exit bar




Special Report
New Faculty Members

 April 1999




Channels of Comunications

Amy Bell is investigating applying wavelets to signal compression for applications such as multimedia Internet.


Sometimes it is imperative that a communication signal reaches its destination --regardless of interference or other unknown channel effects. In these situations, standard modulation schemes have their limitations.

A novel technique under investigation by Amy Bell, a specialist in digital signal processing, offers a unique advantage by sending the signal at multiple rates simultaneously through the channel. "The point is that if you do not know what part of the channel is open, you can send multiple copies. Whichever part of the channel is open, one of your copies gets through. You don't need to know what your channel looks like."

The technique, called fractal modulation, relies on wavelets, which are a mathematical tool that provides an alternative to classical Fourier signal analysis. "Wavelets are better able to represent time-varying signal behavior," she explained. "Unlike the Fourier transform's decomposition of a signal into its frequency components, the wavelet transform provides a view of the signal from the time and scale perspectives."

Bell is also working on extending wavelets into multiwavelets and investigating their application for efficient compression. "One of the important applications for this work is the Internet. We're all interested in sending video, but it takes a huge amount of time to send-and even then the video quality is questionable. We are looking at new methods for compressing data so that the reconstruction is timely and of sufficient quality."

Bell first worked in wavelets research while earning her Ph.D. at the University of Michigan. Her doctoral work investigated applying wavelets to a classic unsolved problem in signal reconstruction - the phase retrieval problem.

"We came up with some solutions," she said. "Like many engineering solutions, they are based on assumptions, so for certain classes of signals, our approach offers unique advantages."

Bell enjoys her theoretical research, but is also interested in applied, industrial projects. One project, on which she is collaborating with other faculty in the department, concerns improved location accuracy in cellular networks. "This is directly related to the FCC requirement that cellular service providers offer mobile E-911 service," she said.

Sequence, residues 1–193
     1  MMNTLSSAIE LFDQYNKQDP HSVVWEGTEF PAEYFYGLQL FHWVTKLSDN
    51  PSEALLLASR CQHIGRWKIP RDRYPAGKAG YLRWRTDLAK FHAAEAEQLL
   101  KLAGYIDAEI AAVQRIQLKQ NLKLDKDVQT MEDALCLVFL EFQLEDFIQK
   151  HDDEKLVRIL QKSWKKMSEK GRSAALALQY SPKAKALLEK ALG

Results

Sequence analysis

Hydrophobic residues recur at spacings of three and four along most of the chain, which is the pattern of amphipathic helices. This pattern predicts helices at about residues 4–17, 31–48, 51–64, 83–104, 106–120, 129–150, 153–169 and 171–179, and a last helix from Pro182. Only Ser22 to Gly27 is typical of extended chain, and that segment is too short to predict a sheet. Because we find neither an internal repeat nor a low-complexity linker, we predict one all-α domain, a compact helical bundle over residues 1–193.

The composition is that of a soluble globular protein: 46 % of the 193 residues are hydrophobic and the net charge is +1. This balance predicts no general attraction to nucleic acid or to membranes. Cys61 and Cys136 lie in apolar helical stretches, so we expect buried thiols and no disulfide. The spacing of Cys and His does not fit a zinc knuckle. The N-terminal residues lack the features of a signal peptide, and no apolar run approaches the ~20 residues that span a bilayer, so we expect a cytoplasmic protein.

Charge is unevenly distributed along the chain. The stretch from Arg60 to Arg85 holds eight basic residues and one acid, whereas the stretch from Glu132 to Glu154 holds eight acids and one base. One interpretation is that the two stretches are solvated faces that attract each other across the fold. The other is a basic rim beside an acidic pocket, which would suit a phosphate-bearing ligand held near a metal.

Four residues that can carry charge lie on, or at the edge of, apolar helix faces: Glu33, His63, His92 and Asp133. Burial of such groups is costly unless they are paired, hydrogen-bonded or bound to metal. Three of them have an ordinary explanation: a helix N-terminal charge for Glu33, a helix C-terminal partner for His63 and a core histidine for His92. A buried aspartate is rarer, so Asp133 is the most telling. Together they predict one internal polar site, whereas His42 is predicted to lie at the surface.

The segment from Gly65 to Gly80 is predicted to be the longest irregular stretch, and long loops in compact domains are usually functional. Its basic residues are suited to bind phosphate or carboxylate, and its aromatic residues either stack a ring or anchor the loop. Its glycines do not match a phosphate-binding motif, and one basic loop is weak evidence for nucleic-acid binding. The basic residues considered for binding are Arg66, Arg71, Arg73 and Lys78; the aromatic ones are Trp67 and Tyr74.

A balance between applied industrial projects and more basic research is important to Bell. "It helps you keep things in perspective. With the theoretical projects, you realize that advances can take years - even decades. With industrial projects, you realize the urgent and ongoing needs faced by today's engineers."

Before returning to graduate school for her doctorate, Bell worked for five years as an engineer. Her first position, with what was then Westinghouse Corp., was in manufacturing engineering with F-16 fighter planes. She then moved into simulation modeling for facility design. She also spent several years with Systems Modeling Corporation designing and developing discrete event simulation models for various manufacturing environments.

"So many aspects of industry are fundamental and independent of the individual problems," she commented. "I find that my industrial experience provides great examples in class and is invaluable when I mentor students who will soon enter industrial positions."

Bell is particularly interested in continually improving her teaching. During her graduate schooling she earned two awards for teaching excellence, and she meets regularly with a faculty study group connected with Virginia Tech's Center for Excellence in Undergraduate Teaching.

"Some things that I've tried in the classroom work better than others," she said. Recently she has had success with extra credit quizzes during the first 15 minutes of lecture to get students working in small groups on a warm-up activity for that lecture's subject material.

Bell is also concerned with the relatively low numbers of women in electrical and computer engineering. "Sometimes the academic environment discourages women students." Since coming to Tech in 1997, she has organized get-togethers for women students to meet one another, develop a support network, and share information regarding classes, scholarships, and employment opportunities.

"We need to provide an equitable environment for women in engineering because it is simply absurd to recruit from only half the potential pool."


The Bradley Department
of Electrical and Computer Engineering
Virginia Tech

Last Updated, July 10, 1999
Questions or comments about the content: eqb@rightwordonline.com
Technical questions or comments: webmaster@birch.ee.vt.edu